On a flight back to the Vatican after a five-day visit to Poland, Francis was asked by a reporter about remarks he made following last week's attack on a church in northern France in which an elderly priest was brutally murdered. The reporter asked the pope why he refers to terrorists but never to Islam when talking about such violent incidents.

Pope Francis visited the former Nazi death camp of Auschwitz on Friday, keeping a near-total silence to honor the more than 1 million people — almost all of them Jews — who were systematically killed there during World War II.

He said a few quiet words to a group of survivors of the concentration camp in Nazi-occupied Poland, and wrote the following message in Spanish: "Lord, have mercy on your people. Lord, forgive us for so much cruelty."

Aboard a flight home from Armenia, Pope Francis fielded a pointed question from reporters: Did he agree with German Cardinal Reinhard Marx, who, in the wake of the Orlando shooting, said gays deserve an apology from the Church?

His answer was frank.

Illustration by Amanda Rabines / WLRN

Pope Francis and Imam Syed Rahman share a problem. They want to have it both ways when it comes to LGBT people.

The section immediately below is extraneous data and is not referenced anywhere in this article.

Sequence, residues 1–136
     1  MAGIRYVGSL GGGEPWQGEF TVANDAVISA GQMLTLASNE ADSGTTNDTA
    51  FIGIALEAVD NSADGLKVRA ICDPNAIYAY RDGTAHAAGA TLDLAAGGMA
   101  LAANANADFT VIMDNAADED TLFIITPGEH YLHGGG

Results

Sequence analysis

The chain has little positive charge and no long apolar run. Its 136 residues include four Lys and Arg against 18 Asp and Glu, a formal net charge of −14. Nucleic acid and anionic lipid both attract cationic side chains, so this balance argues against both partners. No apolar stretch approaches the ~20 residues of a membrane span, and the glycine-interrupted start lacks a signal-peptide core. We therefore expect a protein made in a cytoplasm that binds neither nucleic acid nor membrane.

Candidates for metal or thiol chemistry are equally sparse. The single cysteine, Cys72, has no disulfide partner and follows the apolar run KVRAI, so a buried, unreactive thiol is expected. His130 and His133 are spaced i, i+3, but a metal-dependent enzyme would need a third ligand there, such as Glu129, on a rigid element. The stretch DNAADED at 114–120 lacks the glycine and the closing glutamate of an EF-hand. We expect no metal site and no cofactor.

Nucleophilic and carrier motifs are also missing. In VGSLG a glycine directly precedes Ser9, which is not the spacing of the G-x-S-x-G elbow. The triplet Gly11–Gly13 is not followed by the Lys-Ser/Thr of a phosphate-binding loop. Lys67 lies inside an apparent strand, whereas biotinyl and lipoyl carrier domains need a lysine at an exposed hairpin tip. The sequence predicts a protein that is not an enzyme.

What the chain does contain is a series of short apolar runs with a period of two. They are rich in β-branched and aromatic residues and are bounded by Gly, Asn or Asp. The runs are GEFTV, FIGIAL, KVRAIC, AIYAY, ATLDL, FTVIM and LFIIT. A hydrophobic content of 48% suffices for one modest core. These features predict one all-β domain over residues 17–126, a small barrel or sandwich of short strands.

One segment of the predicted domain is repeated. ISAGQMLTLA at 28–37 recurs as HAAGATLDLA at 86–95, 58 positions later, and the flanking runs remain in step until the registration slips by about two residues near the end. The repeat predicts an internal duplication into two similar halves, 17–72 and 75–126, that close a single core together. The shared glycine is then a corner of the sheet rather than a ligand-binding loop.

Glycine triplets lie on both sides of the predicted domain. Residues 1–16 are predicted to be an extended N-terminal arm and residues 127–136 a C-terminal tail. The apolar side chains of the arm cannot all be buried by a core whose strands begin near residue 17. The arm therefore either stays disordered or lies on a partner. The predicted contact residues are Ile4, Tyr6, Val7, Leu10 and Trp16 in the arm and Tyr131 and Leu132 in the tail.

The Pope tells us to love gays and lesbians. Yet he sticks with the Roman Catholic Church’s doctrine that homosexuality is a mortal sin.

Dario Lopez-Mills / AP via Miami Herald

COMMENTARY

The last time I reported from Juárez, Mexico, about five years ago, it was the most murderous city in the world – a desert slaughterhouse for drug lords like Joaquín “Chapo” Guzmán.

One evening a colleague and I popped into Juárez’s most famous bar, the Kentucky Club (supposedly the birthplace of the margarita). We had the place to ourselves. A homicide rate of more than 200 per 100,000 residents tends to depress nightlife.

Pope Francis, in an address to a joint meeting of Congress, encouraged lawmakers to work together to solve the problems of ordinary Americans and to show compassion for people across the globe who are suffering from war and hunger.

The Sounds Of Pope Francis' Visit To Cuba

Sep 22, 2015
Alex Castro / AP

The first three days of Pope Francis' whirlwind binational trip took him to the home of a world famous communist leader and through the streets of a little-known Cuban town.

The pope's message of embracing change found its literal representation in the further opening of Cuba, which has spent decades shrouded in secrecy, to media outlets and TV screens worldwide.

His three-day visit to the communist island ended Tuesday and was immediately followed by his arrival in Washington, D.C. and a welcome from President Obama. It is the first U.S. visit for the 78-year-old pope. 

President Obama is taking some heat over who's been invited to attend Pope Francis' large arrival ceremony at the White House this Wednesday. The list includes the first openly gay Episcopal bishop, an activist nun and a transgender activist — guests the Vatican reportedly objected to, according to the Wall Street Journal.

Pages